Galleria Franco Noero

10154, TORINO

Henrik Olesen
Solo Show

05 November 2011 — 14 January 2012

With most of his earlier exhibitions Henrik Olesen ignored the never ending unresolved dialectics between achieving refinement through formalities and the desire to subvert the regulated procedures of the art space with what is usually called literary narratives by simply ignoring it as a problem and at the same time achieving most advanced results on both sides. As we look back on already very early exhibitions we see him using for instance the empty space, or defining the space as empty or as non-productive space in contrast to a high loaded field of information.


Therefore it is not surprising that one day he would try to turn the formal means somehow against the impulse for the mediation of content, or would one day make the means of his production the object of his survey and of his representations.


But looking at the new exhibition through his earlier ones, we can assume that he is not just illuminating the means of this new production alone, but the means of production in itself.


He is observing productively the production itself to the point, which appears to be the “dangerous” point, it is the point where art is in danger to appear empty, an emptiness not concealed by narratives or formalities, where production converges towards nothing, or what some would say it is just nothing. We can assume he is working on and representing this nothing as an essential ingredient of production in itself, or lets say he is dealing with this “nothing” as a difference, as much as he was dealing in his earlier modes with the use of the empty space within a bigger display, which both appear as an almost scientific determination of “empty” and “nothing”.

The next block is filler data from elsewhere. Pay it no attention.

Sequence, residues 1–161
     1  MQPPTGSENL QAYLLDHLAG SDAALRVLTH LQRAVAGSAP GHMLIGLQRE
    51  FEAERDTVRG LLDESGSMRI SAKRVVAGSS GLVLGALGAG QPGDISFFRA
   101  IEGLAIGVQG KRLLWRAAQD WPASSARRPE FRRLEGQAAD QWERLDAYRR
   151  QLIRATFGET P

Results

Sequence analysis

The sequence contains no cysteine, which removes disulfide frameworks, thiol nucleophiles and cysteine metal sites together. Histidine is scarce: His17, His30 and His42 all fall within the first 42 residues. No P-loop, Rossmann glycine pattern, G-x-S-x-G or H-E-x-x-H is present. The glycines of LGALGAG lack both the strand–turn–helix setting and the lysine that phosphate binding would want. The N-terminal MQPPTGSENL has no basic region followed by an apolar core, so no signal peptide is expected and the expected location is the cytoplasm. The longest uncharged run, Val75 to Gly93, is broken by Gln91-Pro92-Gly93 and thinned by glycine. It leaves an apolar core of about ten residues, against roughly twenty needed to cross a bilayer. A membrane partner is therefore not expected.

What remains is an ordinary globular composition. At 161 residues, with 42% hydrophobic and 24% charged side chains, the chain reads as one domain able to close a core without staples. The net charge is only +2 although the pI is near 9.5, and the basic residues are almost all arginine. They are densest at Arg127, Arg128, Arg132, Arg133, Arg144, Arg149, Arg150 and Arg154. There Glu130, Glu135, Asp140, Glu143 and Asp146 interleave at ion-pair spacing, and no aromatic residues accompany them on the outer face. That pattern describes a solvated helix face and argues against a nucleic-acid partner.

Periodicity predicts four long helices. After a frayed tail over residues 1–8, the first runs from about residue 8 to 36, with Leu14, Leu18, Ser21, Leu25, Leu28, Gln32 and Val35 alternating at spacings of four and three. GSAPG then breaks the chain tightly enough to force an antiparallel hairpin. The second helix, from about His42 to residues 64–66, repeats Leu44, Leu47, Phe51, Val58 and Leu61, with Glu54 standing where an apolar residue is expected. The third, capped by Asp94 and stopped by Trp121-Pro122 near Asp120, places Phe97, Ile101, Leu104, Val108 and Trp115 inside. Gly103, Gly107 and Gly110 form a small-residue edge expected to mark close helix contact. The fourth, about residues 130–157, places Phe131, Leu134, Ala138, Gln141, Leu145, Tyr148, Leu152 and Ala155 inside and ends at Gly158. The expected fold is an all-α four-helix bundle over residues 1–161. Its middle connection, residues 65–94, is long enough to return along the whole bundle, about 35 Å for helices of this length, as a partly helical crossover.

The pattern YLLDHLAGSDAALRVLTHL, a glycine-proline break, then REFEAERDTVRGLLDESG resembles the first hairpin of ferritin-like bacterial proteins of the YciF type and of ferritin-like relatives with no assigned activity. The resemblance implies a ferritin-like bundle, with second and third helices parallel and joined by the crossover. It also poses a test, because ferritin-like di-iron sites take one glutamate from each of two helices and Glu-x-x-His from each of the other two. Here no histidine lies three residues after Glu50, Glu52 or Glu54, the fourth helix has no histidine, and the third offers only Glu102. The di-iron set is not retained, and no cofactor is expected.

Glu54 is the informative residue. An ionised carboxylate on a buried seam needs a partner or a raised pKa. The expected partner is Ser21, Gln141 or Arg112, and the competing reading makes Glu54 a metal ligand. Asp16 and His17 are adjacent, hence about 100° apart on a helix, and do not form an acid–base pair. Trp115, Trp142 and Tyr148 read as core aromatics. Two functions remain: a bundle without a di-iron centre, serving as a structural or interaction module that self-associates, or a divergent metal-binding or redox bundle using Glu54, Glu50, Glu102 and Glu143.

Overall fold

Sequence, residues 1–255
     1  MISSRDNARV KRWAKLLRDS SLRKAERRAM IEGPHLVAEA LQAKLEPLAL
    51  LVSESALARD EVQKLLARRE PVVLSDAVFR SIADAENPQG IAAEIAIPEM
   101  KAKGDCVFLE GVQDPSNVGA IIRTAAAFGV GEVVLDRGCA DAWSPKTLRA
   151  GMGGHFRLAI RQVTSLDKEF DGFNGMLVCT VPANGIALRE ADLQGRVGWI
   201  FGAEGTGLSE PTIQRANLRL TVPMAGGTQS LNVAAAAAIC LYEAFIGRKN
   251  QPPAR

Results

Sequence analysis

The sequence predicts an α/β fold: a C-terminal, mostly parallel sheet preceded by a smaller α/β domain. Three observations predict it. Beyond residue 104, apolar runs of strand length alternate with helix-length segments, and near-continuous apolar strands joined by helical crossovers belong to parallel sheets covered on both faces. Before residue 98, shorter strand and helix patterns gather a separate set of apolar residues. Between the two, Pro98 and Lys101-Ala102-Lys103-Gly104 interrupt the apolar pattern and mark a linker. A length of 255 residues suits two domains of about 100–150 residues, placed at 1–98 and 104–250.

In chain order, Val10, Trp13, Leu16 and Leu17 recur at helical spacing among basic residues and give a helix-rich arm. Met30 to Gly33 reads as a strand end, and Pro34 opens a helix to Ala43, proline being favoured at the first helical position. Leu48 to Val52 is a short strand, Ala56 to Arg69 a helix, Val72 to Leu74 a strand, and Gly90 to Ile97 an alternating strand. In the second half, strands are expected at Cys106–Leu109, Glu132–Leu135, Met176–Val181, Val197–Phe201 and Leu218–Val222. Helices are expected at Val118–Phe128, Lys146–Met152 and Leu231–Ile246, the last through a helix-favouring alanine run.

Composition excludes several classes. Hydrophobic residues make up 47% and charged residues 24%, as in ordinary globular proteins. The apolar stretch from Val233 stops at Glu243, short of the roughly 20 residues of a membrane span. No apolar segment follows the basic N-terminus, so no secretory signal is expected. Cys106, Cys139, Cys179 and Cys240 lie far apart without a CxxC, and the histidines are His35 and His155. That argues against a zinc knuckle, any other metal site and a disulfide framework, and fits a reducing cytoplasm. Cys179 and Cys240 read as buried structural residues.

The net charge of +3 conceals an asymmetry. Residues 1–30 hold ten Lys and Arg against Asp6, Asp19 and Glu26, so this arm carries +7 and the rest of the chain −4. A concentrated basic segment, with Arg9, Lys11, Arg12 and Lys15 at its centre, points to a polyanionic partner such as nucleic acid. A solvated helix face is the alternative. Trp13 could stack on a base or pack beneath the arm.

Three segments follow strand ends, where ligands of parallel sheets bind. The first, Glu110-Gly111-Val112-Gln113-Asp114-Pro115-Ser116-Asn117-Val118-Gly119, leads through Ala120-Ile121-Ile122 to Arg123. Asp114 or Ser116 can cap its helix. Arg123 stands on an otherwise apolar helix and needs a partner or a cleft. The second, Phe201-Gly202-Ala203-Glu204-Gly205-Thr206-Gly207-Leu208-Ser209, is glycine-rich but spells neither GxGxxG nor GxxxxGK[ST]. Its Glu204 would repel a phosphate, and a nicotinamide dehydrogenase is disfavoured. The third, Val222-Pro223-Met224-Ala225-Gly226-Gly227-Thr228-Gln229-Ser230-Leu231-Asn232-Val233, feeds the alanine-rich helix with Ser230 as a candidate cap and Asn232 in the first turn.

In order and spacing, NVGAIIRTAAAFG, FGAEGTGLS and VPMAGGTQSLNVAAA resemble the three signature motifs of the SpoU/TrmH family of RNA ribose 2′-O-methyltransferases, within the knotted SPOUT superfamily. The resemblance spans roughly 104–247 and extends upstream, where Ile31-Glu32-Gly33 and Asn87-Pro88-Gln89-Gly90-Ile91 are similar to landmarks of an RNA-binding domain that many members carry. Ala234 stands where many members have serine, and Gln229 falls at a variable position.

He is maybe in a philosophical sense romantically allowing the display of the so much feared immanence of production, which could be a void, could be a so called “nothing”. In other words allowing this immanence to be displayed as empty is as procedure comparable to allowing the almost romantic psychoanalytical idea of the unconscious to be represented, here the so called emptiness as the unconscious of art production.


Not at all to be misunderstood as an act of reduction or even worse so as an act towards a so common reductive aesthetics of minimalism, his procedure is therefore a symbolically productive one, which seems to in terms of procedure follow scientific or even mathematic experimentation, reducing elements in order to gain an inherent quality or in order to give an inherent quality a primary representation. One of the newly developed qualities might be the abstract representation of a symbolic act, or symbolic order even for instance. The reduction game as mathematical game is inherent but as well obvious in the tendency to repetition, to numbers and the displacement and suspension of elements following the simple order of enumeration.